After a hearty Italian meal, we continue our journey to Gambassi Terme.
We spend the night at Ostello Sigerico, a friendly pilgrims’ hostel from the 13th century where we are treated to a delicious home-made Italian meal by our local host Franco and his family.
Day3: Gambassi to San Gimignano – 17.6km
The next day our eyes and limbs are all set to reach San Gimignano, arguably the most beautiful hill town in Tuscany and a UNESCO World Heritage site worthy of the nickname ‘Medieval Manhattan’ for the 14 towers that adorn its skyline.
Though the route was shorter than the earlier day but more diverse in appeal – we pass through freshly overturned fields with earthy fragrance, golden-yellowish vineyards where most grapes have been harvested, dry sunflower fields, long avenues of cypresses, rolling hills, lush green forests which have started flaunting fall colours. In mid-afternoon, a view of San Gimignano’s famous spires peek through the trees, and soon we join a road filled with cyclists in bright outfits.
After settling down in our 3-star centrally-located Hotel La Cisterna, we set out to explore the UNESCO city of 100 towers. Our guided tour of the town starts with climbing up the tallest tower of the “Medieval Manhattan” – the Torre Grossa. I travel back in time looking at the panoramic view of the sky-piercing stone towers, and narrow cobbled-stone streets surrounded by an expansive countryside filled with vineyards. Suddenly I am jolted back into reality when Erica narrates the history of the town,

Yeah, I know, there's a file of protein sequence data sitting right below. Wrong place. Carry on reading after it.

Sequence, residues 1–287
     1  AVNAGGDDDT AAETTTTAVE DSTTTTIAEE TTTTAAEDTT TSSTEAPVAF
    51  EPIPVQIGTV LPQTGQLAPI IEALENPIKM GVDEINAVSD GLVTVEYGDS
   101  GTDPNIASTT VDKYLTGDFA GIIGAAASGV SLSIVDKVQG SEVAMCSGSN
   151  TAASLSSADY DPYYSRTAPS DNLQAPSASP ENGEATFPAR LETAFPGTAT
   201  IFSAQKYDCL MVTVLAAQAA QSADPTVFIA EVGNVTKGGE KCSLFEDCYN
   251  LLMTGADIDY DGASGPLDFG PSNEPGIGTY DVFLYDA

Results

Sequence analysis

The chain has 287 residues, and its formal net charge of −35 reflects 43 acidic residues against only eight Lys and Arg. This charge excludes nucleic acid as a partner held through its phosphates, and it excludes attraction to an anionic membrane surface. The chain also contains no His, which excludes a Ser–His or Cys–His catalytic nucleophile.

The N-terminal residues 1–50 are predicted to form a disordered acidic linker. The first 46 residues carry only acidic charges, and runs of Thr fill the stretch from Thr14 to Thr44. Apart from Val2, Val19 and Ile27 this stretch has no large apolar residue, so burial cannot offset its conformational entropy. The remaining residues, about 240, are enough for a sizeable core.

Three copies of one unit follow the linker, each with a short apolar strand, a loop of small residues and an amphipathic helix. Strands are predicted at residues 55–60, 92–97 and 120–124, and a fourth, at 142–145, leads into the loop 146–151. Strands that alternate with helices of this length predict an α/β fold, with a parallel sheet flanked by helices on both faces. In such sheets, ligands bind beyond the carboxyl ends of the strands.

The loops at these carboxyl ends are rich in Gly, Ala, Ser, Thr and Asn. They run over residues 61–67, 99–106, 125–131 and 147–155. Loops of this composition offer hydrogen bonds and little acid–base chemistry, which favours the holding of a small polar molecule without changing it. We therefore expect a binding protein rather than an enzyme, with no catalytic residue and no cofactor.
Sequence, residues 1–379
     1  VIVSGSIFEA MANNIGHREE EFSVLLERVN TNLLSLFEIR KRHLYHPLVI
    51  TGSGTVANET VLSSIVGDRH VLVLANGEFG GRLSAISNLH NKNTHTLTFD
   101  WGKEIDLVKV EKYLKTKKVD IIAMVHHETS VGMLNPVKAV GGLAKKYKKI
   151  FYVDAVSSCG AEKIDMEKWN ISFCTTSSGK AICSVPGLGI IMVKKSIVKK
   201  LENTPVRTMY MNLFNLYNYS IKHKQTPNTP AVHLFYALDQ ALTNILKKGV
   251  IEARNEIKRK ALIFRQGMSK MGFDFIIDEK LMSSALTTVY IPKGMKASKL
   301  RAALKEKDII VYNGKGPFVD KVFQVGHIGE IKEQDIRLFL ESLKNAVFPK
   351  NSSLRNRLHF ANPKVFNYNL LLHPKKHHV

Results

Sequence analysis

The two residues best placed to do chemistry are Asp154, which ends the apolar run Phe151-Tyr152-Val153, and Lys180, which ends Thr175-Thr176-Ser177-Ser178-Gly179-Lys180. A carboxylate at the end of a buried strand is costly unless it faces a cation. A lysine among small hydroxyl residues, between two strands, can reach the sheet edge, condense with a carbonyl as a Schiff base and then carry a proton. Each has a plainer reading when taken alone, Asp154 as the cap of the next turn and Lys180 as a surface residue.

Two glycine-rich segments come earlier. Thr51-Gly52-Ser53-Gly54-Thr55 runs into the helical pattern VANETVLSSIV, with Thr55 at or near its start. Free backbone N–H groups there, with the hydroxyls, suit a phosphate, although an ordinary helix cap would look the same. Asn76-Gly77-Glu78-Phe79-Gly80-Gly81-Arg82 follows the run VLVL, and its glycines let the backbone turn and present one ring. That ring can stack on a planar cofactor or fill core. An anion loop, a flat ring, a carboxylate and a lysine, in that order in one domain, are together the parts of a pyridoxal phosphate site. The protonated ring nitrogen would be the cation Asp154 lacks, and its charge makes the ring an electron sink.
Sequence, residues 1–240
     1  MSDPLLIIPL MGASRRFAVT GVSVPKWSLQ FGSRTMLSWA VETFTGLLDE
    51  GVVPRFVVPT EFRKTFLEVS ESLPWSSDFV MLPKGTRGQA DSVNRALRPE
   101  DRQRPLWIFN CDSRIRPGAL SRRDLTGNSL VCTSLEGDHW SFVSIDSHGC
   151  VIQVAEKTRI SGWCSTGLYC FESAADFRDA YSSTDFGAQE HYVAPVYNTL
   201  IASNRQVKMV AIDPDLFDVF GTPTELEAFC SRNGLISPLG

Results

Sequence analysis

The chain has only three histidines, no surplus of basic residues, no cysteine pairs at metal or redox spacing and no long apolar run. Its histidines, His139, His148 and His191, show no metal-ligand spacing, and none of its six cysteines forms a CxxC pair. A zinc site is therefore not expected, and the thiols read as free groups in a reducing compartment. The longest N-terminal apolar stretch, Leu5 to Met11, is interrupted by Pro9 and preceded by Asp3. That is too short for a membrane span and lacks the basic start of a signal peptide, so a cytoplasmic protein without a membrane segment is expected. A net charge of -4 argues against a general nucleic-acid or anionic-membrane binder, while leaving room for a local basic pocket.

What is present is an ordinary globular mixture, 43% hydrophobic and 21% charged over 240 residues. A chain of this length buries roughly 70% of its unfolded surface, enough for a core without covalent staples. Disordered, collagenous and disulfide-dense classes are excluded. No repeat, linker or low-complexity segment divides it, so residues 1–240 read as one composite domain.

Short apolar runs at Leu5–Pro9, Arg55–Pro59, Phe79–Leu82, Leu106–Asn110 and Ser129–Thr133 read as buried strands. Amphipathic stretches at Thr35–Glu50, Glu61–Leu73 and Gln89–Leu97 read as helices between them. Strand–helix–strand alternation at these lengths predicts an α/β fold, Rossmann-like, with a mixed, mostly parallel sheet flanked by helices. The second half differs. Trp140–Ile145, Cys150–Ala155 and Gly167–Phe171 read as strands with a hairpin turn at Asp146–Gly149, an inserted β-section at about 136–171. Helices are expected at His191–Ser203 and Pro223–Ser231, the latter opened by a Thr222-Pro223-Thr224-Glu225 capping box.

The patrician families who controlled the town built around 72 tower-houses as symbols of their wealth and power. Although only 14 have survived, San Gimignano still has that feudal atmospheric vibe.
Listening to the power struggles of the middle ages, we walk down the stairs to see some of the most beautiful medieval palaces in Tuscany, like Palazzo del Popolo and Palazzo del Podestà.
The star highlight of the day was a wine tasting at the Museo del vino Vernaccia di San Gimignano. As the Tuscan sun hugged the whole valley into its golden dust, an expert sommelier took us on a sensual journey of Vernaccia, a fruity local dry white wine produced only in Tuscany since the 13th century. We wrap up the day by enjoying a typical homemade Tuscan dinner at Osteria delle Catene.